The sun was shining, the pipes were on full blast, the marchers proudly marched, and hundreds of thousands of spectators lined Fifth Avenue from 44th Street to 79th – last Friday felt like a full-on return to normal for the 262nd annual New York City St. Patrick’s Day parade after a tough few years dealing with pandemic restrictions and fears.
Grand marshal Kevin J. Conway led the way up Fifth with some 200,000 marchers behind him from all over the US and Ireland, which was well represented by Tánaiste and Foreign Affairs Minister Micheál Martin and, as always, dozens of members of the garda police force.
Local politicians also took their place on Fifth Avenue, including New York City Mayor Eric Adams, who hosted an early morning Irish breakfast at Gracie Mansion before attending Mass at St. Patrick’s Cathedral, New York Governor Kathy Hochul, Attorney General of New York Letitia James, and several members of the New York City Council.
Everyone is Irish on St. Patrick’s Day! Wonderful to be joined by so many in New York City to celebrate Irish heritage today. Sláinte! 🍀 pic.twitter.com/fo6yU6K8cD— Governor Kathy Hochul (@GovKathyHochul) March 17, 2023
Adams, who made an appearance at a number of Irish events to mark the 17th, including the parade foundation’s dinner on March 15 and Cardinal Timothy Dolan’s lunch on St. Patrick’s Day afternoon, marched this year right next to FDNY Commissioner Laura Kavanagh, his 2022 appointee who has been under fire these past few months for clashing with the department’s top brass over personnel decisions.
“Laura said, ‘Listen, why (are) you always doing the NYPD?’” the mayor told reporters before the march. “So, I got on my FDNY jacket, you know, (I’m) marching with the fire department. Listen, everyone knows how I feel about the commissioner, she is really going to move us forward.”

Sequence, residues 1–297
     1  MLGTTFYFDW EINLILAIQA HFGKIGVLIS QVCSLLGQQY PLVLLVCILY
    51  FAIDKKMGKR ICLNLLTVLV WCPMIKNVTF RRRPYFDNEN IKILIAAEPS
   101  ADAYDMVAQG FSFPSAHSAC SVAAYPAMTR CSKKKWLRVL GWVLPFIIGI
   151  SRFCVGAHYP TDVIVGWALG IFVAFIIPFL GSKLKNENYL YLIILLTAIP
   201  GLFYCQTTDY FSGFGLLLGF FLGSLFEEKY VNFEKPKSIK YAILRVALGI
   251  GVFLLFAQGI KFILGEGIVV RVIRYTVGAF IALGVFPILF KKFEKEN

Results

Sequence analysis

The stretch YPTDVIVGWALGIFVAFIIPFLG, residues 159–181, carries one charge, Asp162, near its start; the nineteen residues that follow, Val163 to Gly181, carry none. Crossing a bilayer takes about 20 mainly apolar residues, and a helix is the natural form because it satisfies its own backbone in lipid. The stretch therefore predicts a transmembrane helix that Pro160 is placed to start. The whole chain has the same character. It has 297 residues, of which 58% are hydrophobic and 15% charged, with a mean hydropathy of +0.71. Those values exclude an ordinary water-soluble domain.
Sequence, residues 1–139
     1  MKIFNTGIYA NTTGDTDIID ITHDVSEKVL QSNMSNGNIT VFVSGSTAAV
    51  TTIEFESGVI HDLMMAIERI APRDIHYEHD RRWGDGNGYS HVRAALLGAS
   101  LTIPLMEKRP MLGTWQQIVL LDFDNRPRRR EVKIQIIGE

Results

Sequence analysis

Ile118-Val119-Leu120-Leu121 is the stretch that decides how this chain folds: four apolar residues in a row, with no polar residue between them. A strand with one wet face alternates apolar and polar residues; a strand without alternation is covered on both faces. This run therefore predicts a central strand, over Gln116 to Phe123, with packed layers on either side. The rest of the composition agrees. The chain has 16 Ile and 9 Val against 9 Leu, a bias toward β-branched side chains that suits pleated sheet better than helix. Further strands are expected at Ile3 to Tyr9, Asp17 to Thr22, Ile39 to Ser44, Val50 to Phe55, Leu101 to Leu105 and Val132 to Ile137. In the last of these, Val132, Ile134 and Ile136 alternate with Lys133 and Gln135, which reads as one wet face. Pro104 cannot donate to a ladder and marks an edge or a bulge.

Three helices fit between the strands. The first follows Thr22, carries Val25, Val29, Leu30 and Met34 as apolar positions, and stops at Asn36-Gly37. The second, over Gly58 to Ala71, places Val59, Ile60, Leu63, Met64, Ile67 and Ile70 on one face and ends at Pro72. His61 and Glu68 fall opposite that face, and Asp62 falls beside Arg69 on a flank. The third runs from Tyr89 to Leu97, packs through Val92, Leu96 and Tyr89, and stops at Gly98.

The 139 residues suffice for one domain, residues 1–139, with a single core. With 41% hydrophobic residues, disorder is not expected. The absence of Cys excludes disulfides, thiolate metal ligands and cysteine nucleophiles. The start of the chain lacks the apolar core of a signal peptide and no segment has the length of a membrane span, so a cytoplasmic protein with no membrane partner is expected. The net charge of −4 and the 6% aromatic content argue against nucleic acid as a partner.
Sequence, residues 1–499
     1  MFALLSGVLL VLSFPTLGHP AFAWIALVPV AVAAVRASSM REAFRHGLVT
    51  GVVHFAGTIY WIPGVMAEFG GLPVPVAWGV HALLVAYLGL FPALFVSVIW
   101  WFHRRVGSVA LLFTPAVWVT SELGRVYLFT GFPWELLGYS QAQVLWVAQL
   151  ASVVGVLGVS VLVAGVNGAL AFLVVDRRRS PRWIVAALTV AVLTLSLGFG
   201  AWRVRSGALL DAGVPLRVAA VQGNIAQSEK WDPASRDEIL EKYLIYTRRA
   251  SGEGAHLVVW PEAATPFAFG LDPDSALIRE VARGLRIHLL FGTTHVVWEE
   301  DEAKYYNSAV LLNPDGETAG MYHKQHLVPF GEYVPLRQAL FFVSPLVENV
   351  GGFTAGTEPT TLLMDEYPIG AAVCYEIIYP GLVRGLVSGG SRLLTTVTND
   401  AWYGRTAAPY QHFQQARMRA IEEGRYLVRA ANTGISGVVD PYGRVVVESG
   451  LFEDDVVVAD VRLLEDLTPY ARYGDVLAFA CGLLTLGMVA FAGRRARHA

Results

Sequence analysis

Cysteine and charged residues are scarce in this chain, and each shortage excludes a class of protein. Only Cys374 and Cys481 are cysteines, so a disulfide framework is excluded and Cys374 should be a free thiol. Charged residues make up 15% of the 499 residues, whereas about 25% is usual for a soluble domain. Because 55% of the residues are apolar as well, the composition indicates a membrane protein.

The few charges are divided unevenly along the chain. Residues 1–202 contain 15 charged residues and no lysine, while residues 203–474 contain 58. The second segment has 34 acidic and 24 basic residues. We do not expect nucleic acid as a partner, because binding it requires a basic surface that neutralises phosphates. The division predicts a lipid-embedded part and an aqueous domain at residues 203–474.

Dolan, who said the 9 am morning Mass, held court outside St. Patrick’s Cathedral to greet the marchers. The usual scrum next to his location swelled when politicians stopped by, but the cardinal made time to greet all of the groups that stepped off for the first third of the parade, posing for selfies and holding a few babies too.
A group of young ladies stationed around 48th Street decked out in green headgear sang, “Ooh, ahh, up the RA, I said ooh, ahh up the RA,” the famous – or infamous – chorus from the Wolfe Tones’ Irish rebel song “Celtic Symphony.”
“Not sure exactly what that means but we like the sound of it,” one of the American singers told the Irish Voice, sister publication to IrishCentral.
Staged at the door of Trump Tower between 56th and 57th were a few dozen MAGA supporters waving banners in support of the former president, Donald Trump – and the future one, they say.
“You know it’s true – he won in 2020!” the MAGAs shouted at the marchers.
“The police and firemen love us, the parade loves us,” Edward X. Young, a Trump campaign volunteer in 2016, told the Irish Voice. “Many people here are nice to us, others are flipping us the bird. Some of the mayor’s cluster gave us nasty looks but to his credit he kept smiling away.”
Young said he’s “100 percent” certain the 2020 election was stolen from Trump. How does he know? A woman adorned in Trump buttons standing right behind him quickly replied, “My dead mother voted. Is that good enough for you?”
And so it went, another successful green day in New York City with the feel of spring in the air.
“The parade couldn’t have gone better. Everyone had the best time,” Sean Lane, chairman of the parade, told the Irish Voice. “A great day for the Irish in New York.”
*This column first appeared in the March 18 edition of the weekly Irish Voice newspaper, sister publication to IrishCentral.